Kennedy Center to Help Arts Programs in Economic Trouble
Washington Post, Feb. 3 — The next act in Michael M. Kaiser's quest to make all arts organizations smart and healthy is about to begin.
After a string of successes rescuing arts groups from near-death, Kaiser is now enlisting Kennedy Center managers to help nonprofit arts organizations that are reeling from the recession.
"Arts in Crisis: A Kennedy Center Initiative" was announced this morning. Essentially, the program is a high-tech support service through which arts administrators can talk to the center's personnel about shrinking income, budget-conscious audiences and other difficulties in keeping the doors open.
"Crisis" is not too harsh a word, says Kaiser, 55, the center's president. "You see this multiple whammy. The length and depth of this economic downturn is unprecedented in my lifetime."
The need to have a central place for strategic advice, and perhaps a word of comfort, has been building. "Over the last six months, we have gotten e-mails and letters from many groups. Now every single day you read about one or more than one that is cutting back their season or reducing the staff," said Kaiser, who recently wrote "The Art of the Turnaround: Creating and Maintaining Healthy Arts Organizations."
Any arts organization that is nonprofit — which usually covers orchestras, dance troupes and theaters — can sign up for free assistance from the Kennedy Center, which has built a reservoir of information about how groups have managed their successes and failures through a half-dozen programs over the past eight years.
"Organizations that have endowments have seen them cut by one-third," Kaiser said. "In cities like Detroit that are so dependent on the auto industry, the money is gone. Foundations are forced to cut back, and individuals have seen their wealth reduced. People are buying their tickets more selectively, and they are not going out as often."
In recent weeks, organizations from almost every part of the country have reported belt-tightening measures, or worse. The Baltimore Opera Company filed for bankruptcy. The Seattle Repertory Theatre asked its staff of 55 to take two weeks of unpaid leave. The Orlando Ballet cut live music for "The Nutcracker" so the dance troupe wouldn't be reduced. The Santa Clarita Symphony in California canceled its season.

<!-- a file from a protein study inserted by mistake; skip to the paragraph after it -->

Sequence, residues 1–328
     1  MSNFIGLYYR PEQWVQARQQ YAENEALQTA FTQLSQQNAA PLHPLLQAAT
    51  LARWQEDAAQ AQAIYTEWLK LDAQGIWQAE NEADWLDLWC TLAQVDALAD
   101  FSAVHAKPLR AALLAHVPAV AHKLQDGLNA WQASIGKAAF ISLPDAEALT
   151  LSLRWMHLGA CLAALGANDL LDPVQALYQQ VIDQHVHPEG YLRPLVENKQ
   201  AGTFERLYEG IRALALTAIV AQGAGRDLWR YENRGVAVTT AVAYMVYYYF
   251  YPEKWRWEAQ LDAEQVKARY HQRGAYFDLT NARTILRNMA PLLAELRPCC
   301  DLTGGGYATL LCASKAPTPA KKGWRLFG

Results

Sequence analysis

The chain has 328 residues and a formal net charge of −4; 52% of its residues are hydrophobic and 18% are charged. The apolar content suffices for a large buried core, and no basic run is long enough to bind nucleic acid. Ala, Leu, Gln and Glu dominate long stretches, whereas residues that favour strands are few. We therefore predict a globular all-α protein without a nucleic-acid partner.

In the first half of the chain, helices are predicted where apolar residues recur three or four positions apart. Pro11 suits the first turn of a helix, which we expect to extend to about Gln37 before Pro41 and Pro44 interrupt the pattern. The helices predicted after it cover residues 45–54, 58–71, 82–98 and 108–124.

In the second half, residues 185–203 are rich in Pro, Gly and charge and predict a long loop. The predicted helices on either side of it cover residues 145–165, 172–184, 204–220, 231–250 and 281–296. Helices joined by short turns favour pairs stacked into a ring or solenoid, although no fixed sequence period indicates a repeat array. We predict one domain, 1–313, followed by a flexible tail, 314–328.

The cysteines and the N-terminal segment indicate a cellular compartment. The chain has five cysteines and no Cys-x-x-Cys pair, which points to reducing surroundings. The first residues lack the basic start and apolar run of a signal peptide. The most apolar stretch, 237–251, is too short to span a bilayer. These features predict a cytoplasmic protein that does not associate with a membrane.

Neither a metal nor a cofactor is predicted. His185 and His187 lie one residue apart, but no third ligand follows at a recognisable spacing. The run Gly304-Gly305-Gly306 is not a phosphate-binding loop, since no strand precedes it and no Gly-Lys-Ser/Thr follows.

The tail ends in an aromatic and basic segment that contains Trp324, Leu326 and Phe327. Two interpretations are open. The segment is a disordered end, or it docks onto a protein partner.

The Denver Post reported Sunday that many local arts organizations had cut their budgets by 12 percent but had not instituted layoffs. And the Chicago Tribune reported Sunday that the Joffrey Ballet froze hiring eight months ago.
For the Kennedy Center to step in is a good sign, says Jennifer Cover Payne, the president of the Cultural Alliance of Greater Washington. "Most organizations are in need of some assistance. There is a decrease in foundation, individual and government funding," she said. More than half of the regions' arts groups have budgets below $1 million. "People are already making adjustments on staff, salaries and space." Locally, the Bead Museum in Gallery Place has closed, and Zenith Gallery has announced that high rent is forcing it to close its physical space soon.
Payne posits that the Kennedy Center might be overwhelmed. "I would suspect there are few that would not be responding," she says.
The confluence of declining sources of funding is daunting, says Bill Ivey, the director of the Curb Center for Art, Enterprise and Public Policy at Vanderbilt University.
"Everything is diminished in this environment," says Ivey, a former chairman of the National Endowment for the Arts who hopes the $50 million for the NEA in the House version of the economic stimulus bill survives. "At the end of the day, it is about money, not just advice," he says.
The Kennedy Center's program received $500,000 mainly from two individuals: board member Helen Lee Henderson and Adrienne Arsht, a Miami businesswoman and philanthropist. The amount partially funds projects for the next year, including administrative costs such as travel to the Kennedy Center for organization staff members. "We don't feel these problems are ending soon," Kaiser said.
The center's president said he is not as concerned about smaller organizations — which are used to dealing with difficult situations — as he is about groups that are misdirecting efforts at downsizing. "I'm worried that people are cutting the wrong things first, and that makes it much harder to compete for funding," he said. "Those who cut the programming first wouldn't look as attractive to the funders."
"Arts in Crisis" has a Web site where organizations can register: http://www.artsincrisis.org. Assistance will be provided through e-mails, telephone calls, Web chats or site visits.
One of the center's incentives to act, besides witnessing the crisis, was hearing the president's call to arms. "This is in the spirit of President Obama saying we have to volunteer and get involved," Kaiser said.